GSCC may have breached social worker’s human rights

The General Social Care Council may have breached a social worker’s human rights by refusing to let him re-register, a tribunal has found.

Judge Liz Goldthorpe, of the First-Tier Tribunal, said a decision by the GSCC to turn down an application by Jaswinder Bains to renew his registration without access to the relevant information was “fundamentally flawed”.

Referring to the European Convention of Human Rights, Goldthorpe said: “None of the [GSCC’s] processes in this case appeared to be characterised by the necessary fairness or transparency or compliance with natural justice or with Article 6 [the right to a fair trial].”

The social worker first ran into difficulty with the GSCC’s registration committee in 2006, when a confidentiality condition was imposed on his registration, requiring Bains to explain how information on any clients would be used and shared before starting work with them.

This condition related to a complaint about his conduct made to the GSCC by his former employer, Cafcass, in 2005, after allegations that he had falsified his expenses claims. Bains was cleared of wrongdoing in May 2005 after a criminal trial but he agreed to comply with the condition nonetheless.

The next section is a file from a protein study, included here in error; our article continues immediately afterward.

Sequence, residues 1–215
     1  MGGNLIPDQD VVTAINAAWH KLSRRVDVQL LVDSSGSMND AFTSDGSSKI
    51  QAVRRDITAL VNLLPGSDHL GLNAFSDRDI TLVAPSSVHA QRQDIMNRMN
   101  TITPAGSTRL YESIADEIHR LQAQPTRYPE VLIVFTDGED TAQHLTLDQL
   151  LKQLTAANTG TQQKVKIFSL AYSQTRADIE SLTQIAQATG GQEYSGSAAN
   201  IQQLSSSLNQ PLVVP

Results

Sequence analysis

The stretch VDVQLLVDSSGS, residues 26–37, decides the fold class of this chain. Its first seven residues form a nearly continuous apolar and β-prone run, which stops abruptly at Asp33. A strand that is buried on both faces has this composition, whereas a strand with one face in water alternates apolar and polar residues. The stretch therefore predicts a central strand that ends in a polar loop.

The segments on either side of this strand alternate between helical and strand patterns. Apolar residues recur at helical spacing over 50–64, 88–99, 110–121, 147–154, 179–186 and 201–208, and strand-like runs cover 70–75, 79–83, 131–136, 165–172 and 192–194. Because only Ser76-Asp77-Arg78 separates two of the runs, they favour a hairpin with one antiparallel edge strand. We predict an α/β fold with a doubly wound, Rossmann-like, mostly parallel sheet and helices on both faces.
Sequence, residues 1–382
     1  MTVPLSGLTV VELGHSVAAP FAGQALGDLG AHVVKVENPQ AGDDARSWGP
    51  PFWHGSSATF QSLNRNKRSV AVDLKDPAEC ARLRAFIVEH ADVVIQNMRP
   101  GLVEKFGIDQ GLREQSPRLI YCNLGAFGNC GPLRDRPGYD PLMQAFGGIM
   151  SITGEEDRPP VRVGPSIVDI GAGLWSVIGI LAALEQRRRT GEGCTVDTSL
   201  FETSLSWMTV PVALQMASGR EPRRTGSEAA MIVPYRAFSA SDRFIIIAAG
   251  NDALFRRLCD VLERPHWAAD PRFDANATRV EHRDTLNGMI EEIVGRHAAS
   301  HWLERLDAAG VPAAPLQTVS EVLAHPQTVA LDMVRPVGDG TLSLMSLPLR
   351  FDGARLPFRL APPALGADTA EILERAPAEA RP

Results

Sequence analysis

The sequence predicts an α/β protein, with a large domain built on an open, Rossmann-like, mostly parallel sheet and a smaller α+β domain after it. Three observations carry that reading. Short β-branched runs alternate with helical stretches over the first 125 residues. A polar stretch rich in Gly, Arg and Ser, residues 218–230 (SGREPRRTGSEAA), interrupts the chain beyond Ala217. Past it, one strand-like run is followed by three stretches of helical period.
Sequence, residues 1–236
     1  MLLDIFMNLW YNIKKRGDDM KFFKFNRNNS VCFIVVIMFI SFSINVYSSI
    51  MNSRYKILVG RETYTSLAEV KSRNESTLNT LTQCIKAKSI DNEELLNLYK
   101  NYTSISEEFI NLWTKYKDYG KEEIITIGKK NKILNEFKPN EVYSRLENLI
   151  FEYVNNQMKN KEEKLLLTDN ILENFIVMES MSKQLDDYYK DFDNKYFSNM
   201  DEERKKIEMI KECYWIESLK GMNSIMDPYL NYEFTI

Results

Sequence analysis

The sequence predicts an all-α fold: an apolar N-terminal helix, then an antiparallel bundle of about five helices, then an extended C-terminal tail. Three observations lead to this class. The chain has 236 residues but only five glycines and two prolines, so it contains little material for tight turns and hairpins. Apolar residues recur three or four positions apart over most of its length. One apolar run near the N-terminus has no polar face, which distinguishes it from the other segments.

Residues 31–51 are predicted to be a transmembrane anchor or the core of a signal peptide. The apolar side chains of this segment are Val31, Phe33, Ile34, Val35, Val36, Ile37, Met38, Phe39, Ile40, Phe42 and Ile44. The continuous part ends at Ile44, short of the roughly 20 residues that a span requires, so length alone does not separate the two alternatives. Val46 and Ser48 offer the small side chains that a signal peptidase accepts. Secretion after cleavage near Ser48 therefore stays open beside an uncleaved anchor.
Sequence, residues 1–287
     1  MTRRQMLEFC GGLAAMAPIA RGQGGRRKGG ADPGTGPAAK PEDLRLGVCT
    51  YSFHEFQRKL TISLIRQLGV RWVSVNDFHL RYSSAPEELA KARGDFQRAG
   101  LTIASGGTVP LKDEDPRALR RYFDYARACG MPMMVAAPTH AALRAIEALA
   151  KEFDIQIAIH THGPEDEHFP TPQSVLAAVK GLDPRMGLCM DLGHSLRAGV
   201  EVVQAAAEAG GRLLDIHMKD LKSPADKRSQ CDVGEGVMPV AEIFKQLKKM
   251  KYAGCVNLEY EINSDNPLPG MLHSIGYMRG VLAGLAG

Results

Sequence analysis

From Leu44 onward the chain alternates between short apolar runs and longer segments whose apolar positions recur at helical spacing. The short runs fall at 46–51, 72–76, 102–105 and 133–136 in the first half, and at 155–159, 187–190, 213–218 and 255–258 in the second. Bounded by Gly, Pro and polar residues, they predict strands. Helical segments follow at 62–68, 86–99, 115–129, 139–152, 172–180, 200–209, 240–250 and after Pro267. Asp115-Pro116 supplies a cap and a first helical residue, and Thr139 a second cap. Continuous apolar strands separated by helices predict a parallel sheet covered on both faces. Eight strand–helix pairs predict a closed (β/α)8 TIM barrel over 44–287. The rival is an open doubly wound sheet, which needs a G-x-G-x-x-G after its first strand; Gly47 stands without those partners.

However, when Bains applied to renew his registration in September 2009, the application was eventually refused by a GSCC registration committee in April 2010 on the grounds that he had failed to supply enough evidence that he had complied with the confidentiality condition.

At the First-Tier Tribunal hearing last month, Allan Norman of Celtic Knot Solicitors successfully argued that Bains had provided enough evidence by supplying a copy of a proforma letter he sent to all clients explaining the confidentiality policy.

Judge Goldthorpe said: “We find it difficult to understand why [the GSCC] did not draw the conclusion that its inability to produce any evidence to counter these assertions inevitably meant it would be difficult, if not impossible, to sustain its argument against renewal of his registration.

“It seems to have relied instead upon the inexorability of its own processes.”

The tribunal concluded there were no grounds for believing Bains was not suitable to be a social worker and ordered that he be reinstated on the register.

In a statement after the hearing, Bains said: “I can only hope the terms of this judgement are sufficiently robust for the GSCC to finally allow me to get on with what I do best: representing the interests of children.”

Michael Andrews, director of regulatory operations for the GSCC, said: “We acknowledge the comments made in this case and are considering the judgement in detail.

“Over the past 12 months we have worked to review a number of our processes and we will continue to do so in light of this decision.”

Read the full judgement

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